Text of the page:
The digital asset trust and security company, BitGo, is now attempting to widen its crypto offerings. Specifically, the Palo Alto company is now acquiring the institutional crypto firm Lumina in an attempt to bolster its standing.
BitGo acquires Lumina
Lumina is a service that institutional investors use to manage their cryptocurrency portfolios and track tax obligations. BitGo is not disclosing the exact sum it paid to acquire Lumina. However, Lumina did raise $4 million in a seed investment round during 2018.
BitGo’s acquisition of Lumina is clearly an attempt to broaden the Palo Alto company’s appeal. This will likely leverage Lumina’s existing appeal to various institutional clients and its expertise in crypto tax dealings.
According to a recent article by Fortune, BitGo will likely attempt to supercharge its reach through synergies from Lumina.
The Fortune piece states that BitGo will now be able to offer its clients, many of whom purchase crypto assets over several different exchanges, a comprehensive dashboard to manage their assets.
What’s more, Fortune speculates that this will allow the company to appeal to investors who are facing issues or uncertainty relating to crypto tax rules. The US IRS rules for cryptocurrency sales are notoriously murky, and Fortune suggests BitGo will now be able to give them direct support.
BitGo is on a spending spree
This is not the first major acquisition by BitGo, however. Last year the company bought Hedge, which is a firm that facilitates crypto “staking” lending. Moreover, just this March saw BitGo buy Harbor. Harbor, in turn, is a firm that aims to offer security tokens that have not yet found support on the market.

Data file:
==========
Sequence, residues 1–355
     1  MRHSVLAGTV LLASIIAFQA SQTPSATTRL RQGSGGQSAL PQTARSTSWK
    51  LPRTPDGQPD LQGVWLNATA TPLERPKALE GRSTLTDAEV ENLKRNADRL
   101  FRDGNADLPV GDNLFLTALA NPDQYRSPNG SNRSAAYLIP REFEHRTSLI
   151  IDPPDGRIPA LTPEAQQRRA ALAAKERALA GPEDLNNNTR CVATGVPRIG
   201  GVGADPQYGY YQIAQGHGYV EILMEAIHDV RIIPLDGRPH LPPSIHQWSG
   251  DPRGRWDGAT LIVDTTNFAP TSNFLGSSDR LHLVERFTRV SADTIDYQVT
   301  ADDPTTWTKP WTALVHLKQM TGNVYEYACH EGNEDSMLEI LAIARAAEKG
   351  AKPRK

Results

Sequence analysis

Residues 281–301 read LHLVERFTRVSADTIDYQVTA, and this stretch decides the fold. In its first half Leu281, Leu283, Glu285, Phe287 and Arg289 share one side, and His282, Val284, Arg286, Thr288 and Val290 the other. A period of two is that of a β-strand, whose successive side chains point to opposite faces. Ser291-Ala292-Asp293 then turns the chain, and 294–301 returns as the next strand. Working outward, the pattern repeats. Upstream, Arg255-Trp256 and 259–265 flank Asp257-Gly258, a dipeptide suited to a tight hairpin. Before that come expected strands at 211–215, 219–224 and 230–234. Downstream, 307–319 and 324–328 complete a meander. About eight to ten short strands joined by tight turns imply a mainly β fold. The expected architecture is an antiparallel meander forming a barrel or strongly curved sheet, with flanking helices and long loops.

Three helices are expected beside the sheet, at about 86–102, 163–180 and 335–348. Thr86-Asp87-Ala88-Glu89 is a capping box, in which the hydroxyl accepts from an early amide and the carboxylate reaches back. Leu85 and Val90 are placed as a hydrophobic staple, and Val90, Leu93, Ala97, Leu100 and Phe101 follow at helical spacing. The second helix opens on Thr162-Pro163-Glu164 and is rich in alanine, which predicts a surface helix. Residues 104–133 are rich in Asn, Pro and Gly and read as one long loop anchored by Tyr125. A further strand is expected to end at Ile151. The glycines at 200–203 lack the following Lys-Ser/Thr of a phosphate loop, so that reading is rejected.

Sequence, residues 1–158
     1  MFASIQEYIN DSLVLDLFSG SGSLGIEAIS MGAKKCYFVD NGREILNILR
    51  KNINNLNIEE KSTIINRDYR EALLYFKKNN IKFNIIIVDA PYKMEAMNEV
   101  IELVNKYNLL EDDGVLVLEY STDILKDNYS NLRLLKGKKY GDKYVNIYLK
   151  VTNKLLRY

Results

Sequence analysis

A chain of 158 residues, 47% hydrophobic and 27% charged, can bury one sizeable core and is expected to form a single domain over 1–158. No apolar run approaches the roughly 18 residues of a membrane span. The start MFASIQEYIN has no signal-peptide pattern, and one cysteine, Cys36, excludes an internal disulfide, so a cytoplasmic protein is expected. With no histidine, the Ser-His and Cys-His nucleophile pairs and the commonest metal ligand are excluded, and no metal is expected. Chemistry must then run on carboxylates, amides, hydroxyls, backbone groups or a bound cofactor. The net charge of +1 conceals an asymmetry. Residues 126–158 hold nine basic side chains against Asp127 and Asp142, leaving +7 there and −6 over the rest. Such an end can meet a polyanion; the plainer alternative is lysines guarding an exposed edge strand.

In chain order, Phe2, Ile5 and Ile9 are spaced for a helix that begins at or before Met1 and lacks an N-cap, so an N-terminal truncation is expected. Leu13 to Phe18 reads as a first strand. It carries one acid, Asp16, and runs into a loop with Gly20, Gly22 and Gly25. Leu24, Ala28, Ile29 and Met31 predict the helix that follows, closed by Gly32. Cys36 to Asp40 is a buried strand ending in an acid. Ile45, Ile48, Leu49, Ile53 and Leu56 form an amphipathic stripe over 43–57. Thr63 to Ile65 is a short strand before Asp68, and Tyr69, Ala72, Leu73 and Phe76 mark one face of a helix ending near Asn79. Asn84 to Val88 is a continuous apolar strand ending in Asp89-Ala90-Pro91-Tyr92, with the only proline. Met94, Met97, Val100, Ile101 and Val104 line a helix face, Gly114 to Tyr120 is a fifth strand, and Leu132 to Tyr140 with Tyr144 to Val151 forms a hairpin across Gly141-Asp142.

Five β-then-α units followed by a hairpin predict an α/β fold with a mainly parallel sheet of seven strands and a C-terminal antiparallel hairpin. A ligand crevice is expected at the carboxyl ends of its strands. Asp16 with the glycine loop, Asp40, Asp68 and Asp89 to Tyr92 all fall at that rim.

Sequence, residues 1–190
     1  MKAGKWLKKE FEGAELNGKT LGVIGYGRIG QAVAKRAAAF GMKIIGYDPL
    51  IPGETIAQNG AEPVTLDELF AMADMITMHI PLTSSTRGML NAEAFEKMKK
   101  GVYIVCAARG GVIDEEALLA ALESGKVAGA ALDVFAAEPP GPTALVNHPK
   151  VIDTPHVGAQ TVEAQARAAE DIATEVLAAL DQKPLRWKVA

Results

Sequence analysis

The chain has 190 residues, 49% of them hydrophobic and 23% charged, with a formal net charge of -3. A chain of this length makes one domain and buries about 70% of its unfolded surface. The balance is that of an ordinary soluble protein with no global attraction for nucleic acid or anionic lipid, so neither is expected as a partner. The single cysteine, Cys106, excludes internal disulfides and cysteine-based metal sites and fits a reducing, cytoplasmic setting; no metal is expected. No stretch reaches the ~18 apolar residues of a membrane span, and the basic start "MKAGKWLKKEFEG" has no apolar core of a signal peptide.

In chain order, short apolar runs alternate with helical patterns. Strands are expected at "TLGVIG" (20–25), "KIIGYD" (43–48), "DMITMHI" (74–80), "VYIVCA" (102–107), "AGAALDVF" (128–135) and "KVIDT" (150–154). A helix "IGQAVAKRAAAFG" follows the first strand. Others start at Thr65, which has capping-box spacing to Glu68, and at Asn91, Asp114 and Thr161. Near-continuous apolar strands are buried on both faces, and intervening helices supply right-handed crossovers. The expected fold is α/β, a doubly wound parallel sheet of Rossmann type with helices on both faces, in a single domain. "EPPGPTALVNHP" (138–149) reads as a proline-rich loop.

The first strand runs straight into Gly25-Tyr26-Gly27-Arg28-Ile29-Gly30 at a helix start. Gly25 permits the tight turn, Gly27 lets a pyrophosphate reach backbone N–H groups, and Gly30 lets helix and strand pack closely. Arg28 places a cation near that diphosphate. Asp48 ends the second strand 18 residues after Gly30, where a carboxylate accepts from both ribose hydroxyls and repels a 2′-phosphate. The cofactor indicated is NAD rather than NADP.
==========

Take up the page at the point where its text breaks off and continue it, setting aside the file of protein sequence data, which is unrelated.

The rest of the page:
BitGo’s CEO, Mike Belshe, notes that all of these acquisitions are helping BitGo prepare to become a larger actor in the cryptocurrency space.
“All of this is about moving up financial services stack, and becoming a full-service provider,” Belshe said. What’s more, he also went on to note that BitGo is seeing a surge in its new insurance and lending businesses.
This is a trend that is sweeping the wider cryptocurrency industry. Increasing consolidation is seen with optimism by some, and as a cautious development by others. Although it could be a sign of growing maturity in the market, it also soaks up talent.
Critics of consolidation worry that bigger crypto firms may eschew some of the fundamental principles of democratic, free decentralization and become more like traditional corporations.
Rasmus Pihl is a writer for Toshi Times by day and an avid follower of the blockchain industry by night. Rasmus holds a Bachelor’s Degree in Marketing from the Gothenburg School of Business, Economics, and Law and runs a Swedish marketing consulting firm. Moreover, when he isn’t writing for Toshi Times, traveling, working or changing the world in some other capacity, Rasmus is more than likely caught up in postgraduate studies.